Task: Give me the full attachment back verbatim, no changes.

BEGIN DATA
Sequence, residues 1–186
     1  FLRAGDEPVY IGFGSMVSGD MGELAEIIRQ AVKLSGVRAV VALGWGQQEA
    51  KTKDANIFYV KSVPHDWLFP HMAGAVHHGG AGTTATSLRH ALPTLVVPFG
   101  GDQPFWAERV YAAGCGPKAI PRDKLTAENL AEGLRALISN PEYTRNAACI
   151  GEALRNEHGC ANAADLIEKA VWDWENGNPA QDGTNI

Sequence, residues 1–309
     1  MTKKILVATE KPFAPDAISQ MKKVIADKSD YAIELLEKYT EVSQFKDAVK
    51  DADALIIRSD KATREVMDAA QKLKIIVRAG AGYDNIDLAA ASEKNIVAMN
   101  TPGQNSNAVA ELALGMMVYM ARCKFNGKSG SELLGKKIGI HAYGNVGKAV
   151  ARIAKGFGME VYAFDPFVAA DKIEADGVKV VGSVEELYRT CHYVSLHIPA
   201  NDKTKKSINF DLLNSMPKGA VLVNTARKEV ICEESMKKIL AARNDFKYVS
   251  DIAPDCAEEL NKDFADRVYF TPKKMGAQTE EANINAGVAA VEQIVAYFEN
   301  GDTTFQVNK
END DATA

Sequence, residues 1–186
     1  FLRAGDEPVY IGFGSMVSGD MGELAEIIRQ AVKLSGVRAV VALGWGQQEA
    51  KTKDANIFYV KSVPHDWLFP HMAGAVHHGG AGTTATSLRH ALPTLVVPFG
   101  GDQPFWAERV YAAGCGPKAI PRDKLTAENL AEGLRALISN PEYTRNAACI
   151  GEALRNEHGC ANAADLIEKA VWDWENGNPA QDGTNI

Sequence, residues 1–309
     1  MTKKILVATE KPFAPDAISQ MKKVIADKSD YAIELLEKYT EVSQFKDAVK
    51  DADALIIRSD KATREVMDAA QKLKIIVRAG AGYDNIDLAA ASEKNIVAMN
   101  TPGQNSNAVA ELALGMMVYM ARCKFNGKSG SELLGKKIGI HAYGNVGKAV
   151  ARIAKGFGME VYAFDPFVAA DKIEADGVKV VGSVEELYRT CHYVSLHIPA
   201  NDKTKKSINF DLLNSMPKGA VLVNTARKEV ICEESMKKIL AARNDFKYVS
   251  DIAPDCAEEL NKDFADRVYF TPKKMGAQTE EANINAGVAA VEQIVAYFEN
   301  GDTTFQVNK